One of the essential parts of every trip is communicating with the people who live in your path and destination. Communication is the tool for solving your problems, getting help, avoiding loneliness, and having a better trip in general. Meeting new people and making friends with them is one other advantage of the ability of communication which develops good feelings and experiences during your journey. The ability of communication includes not only knowledge of the language but also the culture and customs of people. Many misunderstandings come from the differences between cultures and lack of knowledge about these differences. Iran is a culturally varied country with so many subcultures in it. The reason for this status is that many nations live in this land because of the historical reasons and Iran’s geographical position. Knowing the general Iranian culture and customs can help you a lot in communication and setting your timetable for visiting. In the following, we will explain some parts of Iranian culture and customs:
The most important thing in communicating Iranian people is to be familiar with Taarof. Taarof is a way of acting in which people say nice things and compliments excessively and don’t accept whatever you offer them at first. It doesn’t matter whether it’s a cup of tea or a precious gift. If you want them to accept it, you have to insist. In fact, Taarof is a way of greeting and salutation for the respected guests. Learning Taarof is a little hard but being familiar with the concept helps you in understanding other people’s behavior in Iran.
Iranian people also greatly respect their elders. You can show respect to them by greeting them first. There are many other communication rules in Iran such as respecting guests and elder people, chatting about general things while greeting, no handshakes or touches with people who have opposite gender, kiss on cheeks as a greeting with people who have the same gender, etc. You don’t need to know every single one of Iranian culture and customs about communication but the more you know, the more you understand. Of course, you learn many parts of Iranian culture during your journey to Iran.
Iran has an ancient history which provides many Iranian culture and customs. The Iranian’s new year’s ceremony is Nowruz which is an ancient Iranian custom. In fact, the new year starts at the beginning of spring in Iran and the solar calendar. Nowruz is a 13-day-period of time in which Iranians celebrate the new year and the nature being reborn. They visit all their relatives and friends and take their time to reunite with people. In fact, people try to get away from their daily routines and bond with each other in these 13 days.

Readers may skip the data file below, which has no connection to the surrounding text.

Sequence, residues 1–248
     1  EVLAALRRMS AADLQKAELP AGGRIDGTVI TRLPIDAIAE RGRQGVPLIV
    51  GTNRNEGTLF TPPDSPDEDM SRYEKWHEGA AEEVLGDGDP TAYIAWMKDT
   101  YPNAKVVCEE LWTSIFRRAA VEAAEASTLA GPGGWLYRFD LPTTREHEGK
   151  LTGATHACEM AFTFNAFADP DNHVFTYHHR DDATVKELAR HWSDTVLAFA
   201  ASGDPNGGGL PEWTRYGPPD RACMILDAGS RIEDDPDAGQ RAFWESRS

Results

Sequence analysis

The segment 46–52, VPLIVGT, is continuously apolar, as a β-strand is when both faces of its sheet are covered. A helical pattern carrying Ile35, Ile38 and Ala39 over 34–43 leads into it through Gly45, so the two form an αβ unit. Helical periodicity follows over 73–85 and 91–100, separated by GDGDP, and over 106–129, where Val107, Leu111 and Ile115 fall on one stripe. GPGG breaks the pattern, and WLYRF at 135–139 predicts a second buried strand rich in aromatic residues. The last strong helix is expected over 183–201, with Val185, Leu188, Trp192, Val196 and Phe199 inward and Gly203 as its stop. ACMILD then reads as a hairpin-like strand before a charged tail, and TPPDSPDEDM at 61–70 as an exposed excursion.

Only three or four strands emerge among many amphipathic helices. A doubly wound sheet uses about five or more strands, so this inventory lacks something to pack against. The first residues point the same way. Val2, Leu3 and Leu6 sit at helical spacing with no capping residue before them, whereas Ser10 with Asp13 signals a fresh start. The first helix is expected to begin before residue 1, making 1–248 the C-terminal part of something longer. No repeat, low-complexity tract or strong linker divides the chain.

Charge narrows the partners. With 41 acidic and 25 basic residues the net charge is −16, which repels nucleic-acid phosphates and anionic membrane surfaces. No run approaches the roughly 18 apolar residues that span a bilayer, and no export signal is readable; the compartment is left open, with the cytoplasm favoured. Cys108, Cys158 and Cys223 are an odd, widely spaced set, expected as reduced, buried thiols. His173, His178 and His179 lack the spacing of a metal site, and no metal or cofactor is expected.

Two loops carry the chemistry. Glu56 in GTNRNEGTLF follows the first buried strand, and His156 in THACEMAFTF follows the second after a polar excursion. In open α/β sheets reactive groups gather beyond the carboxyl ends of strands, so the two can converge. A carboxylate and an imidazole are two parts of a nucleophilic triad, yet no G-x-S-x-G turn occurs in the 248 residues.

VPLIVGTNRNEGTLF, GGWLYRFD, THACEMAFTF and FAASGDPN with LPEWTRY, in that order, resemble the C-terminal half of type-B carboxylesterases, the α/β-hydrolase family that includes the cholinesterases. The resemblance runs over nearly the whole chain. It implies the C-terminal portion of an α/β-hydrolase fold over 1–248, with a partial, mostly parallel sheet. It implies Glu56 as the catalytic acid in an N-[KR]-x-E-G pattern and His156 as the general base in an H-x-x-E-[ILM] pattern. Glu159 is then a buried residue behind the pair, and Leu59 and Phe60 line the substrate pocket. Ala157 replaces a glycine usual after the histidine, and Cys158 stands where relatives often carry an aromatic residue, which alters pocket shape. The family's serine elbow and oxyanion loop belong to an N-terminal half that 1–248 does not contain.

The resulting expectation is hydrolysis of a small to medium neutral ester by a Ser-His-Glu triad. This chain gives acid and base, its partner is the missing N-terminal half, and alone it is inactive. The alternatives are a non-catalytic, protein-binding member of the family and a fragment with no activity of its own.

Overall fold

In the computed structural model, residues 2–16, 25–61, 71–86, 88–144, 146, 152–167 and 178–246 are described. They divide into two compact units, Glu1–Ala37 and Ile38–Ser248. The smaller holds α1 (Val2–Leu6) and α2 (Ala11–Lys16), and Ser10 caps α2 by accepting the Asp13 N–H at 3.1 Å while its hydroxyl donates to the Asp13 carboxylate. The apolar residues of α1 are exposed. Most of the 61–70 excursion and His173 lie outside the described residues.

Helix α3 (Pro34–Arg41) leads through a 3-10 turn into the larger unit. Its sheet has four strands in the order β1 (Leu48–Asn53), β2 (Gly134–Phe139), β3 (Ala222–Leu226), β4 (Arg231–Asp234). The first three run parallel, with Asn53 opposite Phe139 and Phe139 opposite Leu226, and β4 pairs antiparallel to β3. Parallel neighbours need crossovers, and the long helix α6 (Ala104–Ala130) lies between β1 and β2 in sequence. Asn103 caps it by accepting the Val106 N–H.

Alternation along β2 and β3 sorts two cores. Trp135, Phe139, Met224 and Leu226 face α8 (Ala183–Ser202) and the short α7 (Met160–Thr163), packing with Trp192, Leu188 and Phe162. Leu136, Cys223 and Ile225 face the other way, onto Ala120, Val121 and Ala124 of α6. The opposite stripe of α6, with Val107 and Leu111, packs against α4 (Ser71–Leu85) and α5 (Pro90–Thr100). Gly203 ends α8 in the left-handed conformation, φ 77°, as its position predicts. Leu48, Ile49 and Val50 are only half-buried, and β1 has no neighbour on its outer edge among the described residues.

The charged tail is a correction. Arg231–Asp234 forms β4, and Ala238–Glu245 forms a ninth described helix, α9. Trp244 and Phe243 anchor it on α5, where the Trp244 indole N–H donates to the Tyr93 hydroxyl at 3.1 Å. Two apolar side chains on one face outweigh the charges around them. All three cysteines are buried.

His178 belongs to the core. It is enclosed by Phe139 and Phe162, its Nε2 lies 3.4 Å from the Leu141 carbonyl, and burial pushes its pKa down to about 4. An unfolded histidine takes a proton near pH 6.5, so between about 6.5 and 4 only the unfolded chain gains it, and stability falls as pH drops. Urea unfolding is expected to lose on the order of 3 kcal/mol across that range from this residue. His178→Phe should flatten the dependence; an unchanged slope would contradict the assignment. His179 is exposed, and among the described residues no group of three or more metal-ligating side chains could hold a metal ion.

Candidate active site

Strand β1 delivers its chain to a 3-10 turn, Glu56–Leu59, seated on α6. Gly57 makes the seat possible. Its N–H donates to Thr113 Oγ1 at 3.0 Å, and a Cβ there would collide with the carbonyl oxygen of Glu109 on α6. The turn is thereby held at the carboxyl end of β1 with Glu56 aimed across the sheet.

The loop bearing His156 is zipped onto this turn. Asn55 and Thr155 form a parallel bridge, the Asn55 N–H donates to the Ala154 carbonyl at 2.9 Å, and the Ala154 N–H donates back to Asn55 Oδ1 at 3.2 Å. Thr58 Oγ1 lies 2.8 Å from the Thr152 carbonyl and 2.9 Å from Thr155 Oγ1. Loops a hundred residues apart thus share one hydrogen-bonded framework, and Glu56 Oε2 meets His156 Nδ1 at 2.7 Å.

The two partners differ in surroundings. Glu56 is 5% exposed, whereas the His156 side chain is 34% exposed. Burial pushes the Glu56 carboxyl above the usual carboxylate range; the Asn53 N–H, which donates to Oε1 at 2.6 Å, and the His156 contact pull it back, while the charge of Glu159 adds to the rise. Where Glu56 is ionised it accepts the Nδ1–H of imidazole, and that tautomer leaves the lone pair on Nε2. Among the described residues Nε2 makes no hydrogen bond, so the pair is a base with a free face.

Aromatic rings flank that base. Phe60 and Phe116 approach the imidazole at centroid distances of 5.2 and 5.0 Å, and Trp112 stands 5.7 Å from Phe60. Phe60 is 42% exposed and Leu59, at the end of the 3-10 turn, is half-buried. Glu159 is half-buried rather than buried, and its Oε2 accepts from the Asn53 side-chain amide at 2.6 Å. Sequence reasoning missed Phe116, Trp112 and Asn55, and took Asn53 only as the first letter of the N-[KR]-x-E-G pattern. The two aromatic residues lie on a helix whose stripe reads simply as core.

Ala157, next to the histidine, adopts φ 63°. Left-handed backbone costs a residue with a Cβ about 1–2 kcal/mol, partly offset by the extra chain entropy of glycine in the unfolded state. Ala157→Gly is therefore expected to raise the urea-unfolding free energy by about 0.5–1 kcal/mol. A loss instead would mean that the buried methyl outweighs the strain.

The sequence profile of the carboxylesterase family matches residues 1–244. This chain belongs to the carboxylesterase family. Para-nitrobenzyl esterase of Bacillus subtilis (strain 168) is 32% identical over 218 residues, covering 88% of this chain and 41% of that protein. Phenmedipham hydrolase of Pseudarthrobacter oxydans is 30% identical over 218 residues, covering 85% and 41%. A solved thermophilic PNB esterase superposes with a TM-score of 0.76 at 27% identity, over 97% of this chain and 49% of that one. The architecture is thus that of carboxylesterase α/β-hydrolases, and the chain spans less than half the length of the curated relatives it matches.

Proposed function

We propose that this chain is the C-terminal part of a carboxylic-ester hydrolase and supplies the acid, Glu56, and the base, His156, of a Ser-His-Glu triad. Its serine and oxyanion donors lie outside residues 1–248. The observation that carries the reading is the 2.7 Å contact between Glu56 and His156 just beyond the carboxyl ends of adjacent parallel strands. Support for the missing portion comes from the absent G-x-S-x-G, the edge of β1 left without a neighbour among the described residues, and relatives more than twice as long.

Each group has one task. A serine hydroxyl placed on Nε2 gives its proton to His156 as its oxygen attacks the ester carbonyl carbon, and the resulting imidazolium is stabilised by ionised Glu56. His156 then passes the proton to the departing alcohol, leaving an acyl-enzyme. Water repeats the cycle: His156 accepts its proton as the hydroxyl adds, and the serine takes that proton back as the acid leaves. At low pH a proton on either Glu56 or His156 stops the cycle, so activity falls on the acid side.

Nowruz starts in an accurate time on the first day of spring which is different every year. Right after this time, people start visiting each other with visiting elders at first. All Iranians arrange a table for Nowruz on which they put seven things. Every one of these things is a symbol related to happiness, well-being, nature, etc. By putting these symbols on their table or tablecloth, Iranians wish for a good year full of joy, happiness, success, and nature’s blessings.
At the end of Nowruz on the 13th day, people have a ceremony named Sizdah be dar. Sizdah is the Persian name for 13 and Sizdah be dar means keeping the bad luck of 13 away. In Iranian culture, the number 13 is a negative number with bad luck. Iranians go to a natural place such as a park, jungle, and mountain to keep bad luck away from their homes. The young people especially girls tie grasses and wish to get married in the following year, and the elder people take their time to talk and barbecue. Visiting Iran at this time of year gives you the chance to experience these customs and ceremonies in person. In addition, Iran’s nature and cities are spectacular during these days of spring.
Most Iranian people are Muslims. Therefore, many Iranian culture and customs are Islamic ones. The most specific religious custom in Iran is the mourning of Muharram. Muharram is the first month of the Islamic calendar in which the battle of Karbala took place. In this battle, the forces of the second Ummayad caliph killed Imam Hussein ibn Ali, the grandson of Prophet Muhammad. Muslims believe that Imam Hussein fought for justice and the caliph killed him brutally, so they mourn for Imam Hussein every year at the time that battle of Karbala happened. There are many different rituals in the Islamic countries for this mourning. If you are interested in experiencing new spiritual rites and intend to visit Iran, consider planning your trip in Muharram.
The most common rite in Muharram is Rawsa or Rowzeh. Rowzeh is a ritual in which people listen to Noha and beat their chests to display their grief for Imam Hussein. Noha is a poem and story about the events in the battle of Karbala and the death of Imam Hussein which a person reads in a plaintive voice. While listening to Noha Shia people weep for Imam Hussein as much as they can to offer their condolences to his family.
One other rite which people perform in many different ways in different cities and regions is Taziya. Taziya is a theatrical re-enactment of the battle of Karbala. The people who play in Taziya mostly sing their dialogues in a way that is proportional to their characters. They also use many tools and costumes. In rural regions and some cities, the group of Taziya walks in the streets with people accompanying it before it gets to the place of the show. In the southern cities and villages, people perform this rite in a glorious way. They also play a unique and professional music while playing the Taziya.